Wednesday, August 31, 2005

Memory Locations
For curiosity, you might try printing out the locations s1 and s2 in
the different versions by using printf's %p; you would likely see that
malloc, read-only strings, and stack-based arrays are all in distant
parts of memory.

Wednesday, August 24, 2005

Don't foreget when you define a pointer to define what it points to !
struct mystuct * s;
You can't say s->v1 = ... ; as you didn't say s equals what !!
you 've to say first s = new pointer, or s = return of a function ...

Don't forget to deallocate memory of a pointer received from a function return. (you didn't allocate that memory but it was allocated by the function you called)

Note That:
In a function, you have to return an allocated pointer (or edit a pointer passed to it as an argument) and you CANNOT return address of an object, cuz the object is locally defined and will be destroyed at the function termination, so the address will be pointing to garbage.

Also, it is NOT RECOMMENDED to pass solid objects through functions, especially if they are large size objects or structures as it is overhead on the stack

Wednesday, August 10, 2005

Google capacity:

256 characters
32 words

Thursday, August 04, 2005

"warning: passing arg 2 of `signal' from incompatible pointer type"

This warning appears when the signal handler function is not void

Thursday, July 28, 2005

If a program requires a superuser privileges to do some job, "It is always best to give up the extra privilege when it is no longer needed, just in case the program has a latent bug that someone could exploit".
Richard Stevenes, Unix N/W Prog. V1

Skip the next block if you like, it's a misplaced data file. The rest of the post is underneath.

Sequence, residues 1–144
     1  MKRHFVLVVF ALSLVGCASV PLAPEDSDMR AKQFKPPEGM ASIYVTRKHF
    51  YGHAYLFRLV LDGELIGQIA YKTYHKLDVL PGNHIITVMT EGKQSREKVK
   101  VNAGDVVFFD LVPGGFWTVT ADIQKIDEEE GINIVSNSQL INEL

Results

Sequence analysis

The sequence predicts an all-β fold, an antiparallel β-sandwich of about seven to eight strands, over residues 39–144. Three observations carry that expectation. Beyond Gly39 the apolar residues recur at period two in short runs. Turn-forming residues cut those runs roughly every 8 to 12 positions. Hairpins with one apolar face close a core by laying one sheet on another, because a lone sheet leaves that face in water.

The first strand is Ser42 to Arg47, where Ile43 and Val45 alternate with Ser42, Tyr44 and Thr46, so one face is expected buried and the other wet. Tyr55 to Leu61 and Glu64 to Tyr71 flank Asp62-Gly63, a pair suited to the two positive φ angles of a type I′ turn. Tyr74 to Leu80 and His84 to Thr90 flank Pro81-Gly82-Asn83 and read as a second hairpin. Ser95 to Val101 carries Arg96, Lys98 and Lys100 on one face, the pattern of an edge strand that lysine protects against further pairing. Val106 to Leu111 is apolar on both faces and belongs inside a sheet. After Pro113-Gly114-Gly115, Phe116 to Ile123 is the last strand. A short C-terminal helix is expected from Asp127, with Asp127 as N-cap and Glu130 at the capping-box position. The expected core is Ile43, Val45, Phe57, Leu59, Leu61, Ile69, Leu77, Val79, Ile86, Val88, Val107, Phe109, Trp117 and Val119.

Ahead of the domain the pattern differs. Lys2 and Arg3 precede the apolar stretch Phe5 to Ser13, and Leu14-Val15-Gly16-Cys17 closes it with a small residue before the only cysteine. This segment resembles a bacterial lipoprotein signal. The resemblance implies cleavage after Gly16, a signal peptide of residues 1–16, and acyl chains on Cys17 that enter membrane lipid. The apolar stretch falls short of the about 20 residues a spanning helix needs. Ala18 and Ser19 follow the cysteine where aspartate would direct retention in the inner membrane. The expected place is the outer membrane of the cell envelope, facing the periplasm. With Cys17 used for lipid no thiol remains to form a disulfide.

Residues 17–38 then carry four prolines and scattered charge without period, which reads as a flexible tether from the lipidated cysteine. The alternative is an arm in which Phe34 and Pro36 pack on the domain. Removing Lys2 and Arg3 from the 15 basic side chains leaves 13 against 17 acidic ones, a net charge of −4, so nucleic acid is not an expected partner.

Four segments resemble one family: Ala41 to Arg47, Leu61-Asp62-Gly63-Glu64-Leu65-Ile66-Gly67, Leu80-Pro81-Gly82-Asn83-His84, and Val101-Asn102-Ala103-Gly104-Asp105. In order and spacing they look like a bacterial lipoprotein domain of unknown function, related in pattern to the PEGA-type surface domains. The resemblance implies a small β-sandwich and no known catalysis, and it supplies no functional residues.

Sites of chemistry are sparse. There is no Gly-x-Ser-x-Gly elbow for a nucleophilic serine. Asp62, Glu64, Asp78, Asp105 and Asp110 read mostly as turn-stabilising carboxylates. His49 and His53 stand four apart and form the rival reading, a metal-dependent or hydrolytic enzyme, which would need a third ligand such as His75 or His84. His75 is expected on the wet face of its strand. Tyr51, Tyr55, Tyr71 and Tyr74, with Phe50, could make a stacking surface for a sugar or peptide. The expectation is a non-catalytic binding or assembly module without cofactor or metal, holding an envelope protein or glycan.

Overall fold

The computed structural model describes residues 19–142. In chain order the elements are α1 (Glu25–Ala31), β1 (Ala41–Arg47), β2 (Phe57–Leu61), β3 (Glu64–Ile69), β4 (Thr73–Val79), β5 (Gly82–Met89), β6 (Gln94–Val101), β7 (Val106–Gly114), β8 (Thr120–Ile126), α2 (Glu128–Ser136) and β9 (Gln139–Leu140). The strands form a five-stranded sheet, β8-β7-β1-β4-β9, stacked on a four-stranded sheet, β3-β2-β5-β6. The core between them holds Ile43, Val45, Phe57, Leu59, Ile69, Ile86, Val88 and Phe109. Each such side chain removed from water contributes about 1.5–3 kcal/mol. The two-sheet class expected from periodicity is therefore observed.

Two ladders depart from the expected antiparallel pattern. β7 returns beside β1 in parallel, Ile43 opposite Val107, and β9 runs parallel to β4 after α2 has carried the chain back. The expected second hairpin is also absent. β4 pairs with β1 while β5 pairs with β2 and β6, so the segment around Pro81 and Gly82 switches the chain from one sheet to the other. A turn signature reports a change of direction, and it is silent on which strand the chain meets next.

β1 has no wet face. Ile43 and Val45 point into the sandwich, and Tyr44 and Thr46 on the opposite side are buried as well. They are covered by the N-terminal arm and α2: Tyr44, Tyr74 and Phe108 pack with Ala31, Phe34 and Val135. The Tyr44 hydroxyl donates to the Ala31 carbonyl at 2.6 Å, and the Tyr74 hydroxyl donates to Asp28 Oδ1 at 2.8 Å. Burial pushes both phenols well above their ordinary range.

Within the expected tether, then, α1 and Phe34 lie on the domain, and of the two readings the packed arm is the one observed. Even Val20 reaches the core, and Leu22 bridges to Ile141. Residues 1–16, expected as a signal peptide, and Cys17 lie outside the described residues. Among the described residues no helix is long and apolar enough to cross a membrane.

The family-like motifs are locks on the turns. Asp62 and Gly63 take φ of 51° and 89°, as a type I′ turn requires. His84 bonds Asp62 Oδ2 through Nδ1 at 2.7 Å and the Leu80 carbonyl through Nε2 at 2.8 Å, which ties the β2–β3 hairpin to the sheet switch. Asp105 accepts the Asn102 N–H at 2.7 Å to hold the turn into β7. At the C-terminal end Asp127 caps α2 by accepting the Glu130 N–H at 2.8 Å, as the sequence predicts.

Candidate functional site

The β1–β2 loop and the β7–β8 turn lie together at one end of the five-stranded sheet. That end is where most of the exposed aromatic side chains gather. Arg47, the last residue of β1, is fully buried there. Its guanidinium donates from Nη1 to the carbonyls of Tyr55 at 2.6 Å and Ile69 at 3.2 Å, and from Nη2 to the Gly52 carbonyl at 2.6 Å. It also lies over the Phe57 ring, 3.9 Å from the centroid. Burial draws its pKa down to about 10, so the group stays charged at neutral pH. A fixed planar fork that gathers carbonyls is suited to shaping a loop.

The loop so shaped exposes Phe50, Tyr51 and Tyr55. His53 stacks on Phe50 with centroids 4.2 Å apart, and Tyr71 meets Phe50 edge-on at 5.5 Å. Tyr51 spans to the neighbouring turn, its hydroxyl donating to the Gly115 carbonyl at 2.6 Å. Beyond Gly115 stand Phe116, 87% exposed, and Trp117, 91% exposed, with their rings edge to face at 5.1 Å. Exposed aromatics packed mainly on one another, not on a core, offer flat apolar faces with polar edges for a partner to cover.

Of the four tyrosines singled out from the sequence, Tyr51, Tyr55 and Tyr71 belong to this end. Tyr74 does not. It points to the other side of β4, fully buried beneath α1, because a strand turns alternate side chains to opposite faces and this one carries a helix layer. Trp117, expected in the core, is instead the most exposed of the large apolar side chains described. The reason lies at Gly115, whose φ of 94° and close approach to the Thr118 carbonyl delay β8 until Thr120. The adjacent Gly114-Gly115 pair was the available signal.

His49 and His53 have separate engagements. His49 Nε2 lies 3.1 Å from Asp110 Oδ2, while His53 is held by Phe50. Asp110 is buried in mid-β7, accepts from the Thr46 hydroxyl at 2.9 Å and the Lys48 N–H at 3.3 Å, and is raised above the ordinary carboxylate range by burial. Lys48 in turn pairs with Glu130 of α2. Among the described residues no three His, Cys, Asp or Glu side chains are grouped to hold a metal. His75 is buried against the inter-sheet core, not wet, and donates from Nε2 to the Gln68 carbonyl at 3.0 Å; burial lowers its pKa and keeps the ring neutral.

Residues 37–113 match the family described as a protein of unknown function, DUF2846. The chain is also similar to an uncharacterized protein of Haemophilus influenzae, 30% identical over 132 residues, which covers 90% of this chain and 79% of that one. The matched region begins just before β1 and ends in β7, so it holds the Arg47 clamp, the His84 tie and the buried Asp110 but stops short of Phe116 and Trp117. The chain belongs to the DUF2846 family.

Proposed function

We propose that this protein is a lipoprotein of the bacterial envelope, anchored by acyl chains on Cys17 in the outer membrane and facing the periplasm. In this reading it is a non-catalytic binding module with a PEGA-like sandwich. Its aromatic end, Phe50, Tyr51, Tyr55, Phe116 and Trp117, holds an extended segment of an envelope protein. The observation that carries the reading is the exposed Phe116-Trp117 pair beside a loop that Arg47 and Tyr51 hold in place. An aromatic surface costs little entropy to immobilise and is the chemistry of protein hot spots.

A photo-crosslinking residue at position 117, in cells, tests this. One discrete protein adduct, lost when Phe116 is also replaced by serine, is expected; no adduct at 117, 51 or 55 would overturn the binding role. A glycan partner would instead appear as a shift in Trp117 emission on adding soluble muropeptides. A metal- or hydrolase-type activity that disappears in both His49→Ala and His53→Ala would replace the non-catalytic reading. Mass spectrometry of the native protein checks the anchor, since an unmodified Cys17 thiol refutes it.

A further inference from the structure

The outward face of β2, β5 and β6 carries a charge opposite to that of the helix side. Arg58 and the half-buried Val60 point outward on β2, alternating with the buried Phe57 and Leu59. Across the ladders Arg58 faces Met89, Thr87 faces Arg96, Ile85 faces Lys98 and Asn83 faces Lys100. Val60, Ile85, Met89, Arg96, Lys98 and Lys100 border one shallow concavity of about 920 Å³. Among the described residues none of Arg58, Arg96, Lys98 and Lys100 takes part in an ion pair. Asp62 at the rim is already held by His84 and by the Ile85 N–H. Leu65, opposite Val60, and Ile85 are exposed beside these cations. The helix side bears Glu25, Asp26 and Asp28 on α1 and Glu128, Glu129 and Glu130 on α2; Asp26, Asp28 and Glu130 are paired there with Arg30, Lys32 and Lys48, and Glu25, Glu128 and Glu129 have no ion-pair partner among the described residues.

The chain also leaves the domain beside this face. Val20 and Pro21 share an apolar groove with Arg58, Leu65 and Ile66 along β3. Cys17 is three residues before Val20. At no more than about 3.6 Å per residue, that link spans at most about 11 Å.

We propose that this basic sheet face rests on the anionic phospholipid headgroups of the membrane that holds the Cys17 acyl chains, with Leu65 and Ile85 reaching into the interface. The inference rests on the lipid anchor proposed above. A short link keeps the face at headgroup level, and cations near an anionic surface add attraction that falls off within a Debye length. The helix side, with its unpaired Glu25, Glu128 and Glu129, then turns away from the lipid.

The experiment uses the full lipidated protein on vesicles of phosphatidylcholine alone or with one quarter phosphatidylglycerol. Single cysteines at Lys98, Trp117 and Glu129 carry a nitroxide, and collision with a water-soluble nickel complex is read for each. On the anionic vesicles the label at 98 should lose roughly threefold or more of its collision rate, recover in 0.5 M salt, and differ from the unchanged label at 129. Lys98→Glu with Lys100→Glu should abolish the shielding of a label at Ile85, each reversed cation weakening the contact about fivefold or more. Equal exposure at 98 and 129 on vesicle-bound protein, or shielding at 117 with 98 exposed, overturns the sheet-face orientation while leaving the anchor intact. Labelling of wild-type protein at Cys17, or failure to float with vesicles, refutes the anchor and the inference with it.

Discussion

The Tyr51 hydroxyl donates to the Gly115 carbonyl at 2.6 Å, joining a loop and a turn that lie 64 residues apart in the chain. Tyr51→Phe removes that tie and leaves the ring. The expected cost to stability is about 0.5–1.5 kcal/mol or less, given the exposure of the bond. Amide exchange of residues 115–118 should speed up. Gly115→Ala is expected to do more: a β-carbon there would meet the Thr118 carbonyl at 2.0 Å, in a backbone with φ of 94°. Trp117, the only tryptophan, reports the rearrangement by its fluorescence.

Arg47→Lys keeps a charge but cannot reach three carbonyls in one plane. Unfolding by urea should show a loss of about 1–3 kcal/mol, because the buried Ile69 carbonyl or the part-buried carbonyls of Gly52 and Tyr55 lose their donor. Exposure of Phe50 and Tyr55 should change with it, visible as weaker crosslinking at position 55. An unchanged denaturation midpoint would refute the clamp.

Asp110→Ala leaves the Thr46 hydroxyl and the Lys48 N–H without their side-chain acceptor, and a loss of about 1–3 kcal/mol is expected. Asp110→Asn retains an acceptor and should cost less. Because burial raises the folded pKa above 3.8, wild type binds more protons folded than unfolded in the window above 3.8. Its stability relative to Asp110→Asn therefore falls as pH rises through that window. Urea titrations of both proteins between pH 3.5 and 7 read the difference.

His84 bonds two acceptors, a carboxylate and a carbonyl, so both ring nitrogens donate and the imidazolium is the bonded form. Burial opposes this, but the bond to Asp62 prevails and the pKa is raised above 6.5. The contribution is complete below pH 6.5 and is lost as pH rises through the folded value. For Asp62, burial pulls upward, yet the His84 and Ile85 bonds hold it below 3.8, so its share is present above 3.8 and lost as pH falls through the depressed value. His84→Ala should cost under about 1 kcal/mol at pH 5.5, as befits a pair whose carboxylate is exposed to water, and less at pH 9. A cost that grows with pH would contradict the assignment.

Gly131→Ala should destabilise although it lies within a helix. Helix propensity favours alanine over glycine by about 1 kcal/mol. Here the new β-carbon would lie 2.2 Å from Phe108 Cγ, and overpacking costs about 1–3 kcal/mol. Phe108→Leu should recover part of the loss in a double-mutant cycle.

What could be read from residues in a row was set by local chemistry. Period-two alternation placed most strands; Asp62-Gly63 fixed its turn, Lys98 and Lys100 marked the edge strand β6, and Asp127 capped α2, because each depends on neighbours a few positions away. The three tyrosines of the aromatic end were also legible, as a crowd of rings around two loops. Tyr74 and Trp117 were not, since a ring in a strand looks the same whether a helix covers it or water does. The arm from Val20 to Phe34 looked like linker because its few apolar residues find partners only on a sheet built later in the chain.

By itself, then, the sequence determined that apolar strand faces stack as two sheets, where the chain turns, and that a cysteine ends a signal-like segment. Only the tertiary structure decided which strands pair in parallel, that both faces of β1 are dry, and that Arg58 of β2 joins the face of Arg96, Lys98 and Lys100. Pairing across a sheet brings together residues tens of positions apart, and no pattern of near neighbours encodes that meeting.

see line 11 page 666:
setuid(getuid()); /* don't need special permissions any more */
// it drops superuser privileges that was previuosly given to a normal user to be able to create a raw socket

السلطات البريطانية لم توجه أي اتهام للنشار

طب اعتقلوه بناءاً على ايه؟
عشان شوية إشاعات في الجرايد؟
للدرجة دى من الاحتقار وهضم الحقوق تتعامل الدولة مع مواطنيها لإظهار مدى خنوعها للحكومة البريطانية ؟؟!!؟؟

فعلا : فى مصر، المواطن متهم حتى تثبت براءته

Sunday, July 17, 2005

Struct vs. Union

if you defined:
struct s
int i;
char c;

when you define a variable of type s, a memory of size equals to the size of integer + the size of character will be reserved.

In contrasts, when you define:
union u
int i;
char c;

A variable of type u, results in the reservation of memory size of the max of integer and character, and this makes you are able to use the type u as either integer OR character.

struct = AND
unio = OR
Error msg in gcc:
invalid conversion from `void*' to `char*'

This error message appeared to me in a line using malloc()

when, i changed just the file extension form .cpp to .c the error disappeared !

Tuesday, June 21, 2005

to edit vi options : edit this file:
vi ~/.vimrc
colorscheme morning
set nowrap
set smartindent
" set hls!
set ignorecase
To update your object files:
  • if you changed the source file (.cpp) only, run:
    make install
  • if you change header files, run:
    make clobber install {removes all except source files} (or)
    make clean install {removes only .o files}
  • also you can use rm
    rm *.o
see more info at
Introduction to "make"
to show/hide line numbers in vi, type:

: set number (show)
: set number! (hide)
CPPUNIT bug on RedHat 9

Monday, June 20, 2005

to create a thread: you have to pass a name (address) of a function to pthread_create that is:
  • static
  • take void * as argument
  • retuns void *
--> static function must use static member data only because it is a static method that can't be dependent on any instance object of the class, so which data of which object shall it use ?? so it must use static data that is seen by all object
take care of the order of include files, order them according to dependency.. otherwise, you'l get compilation errors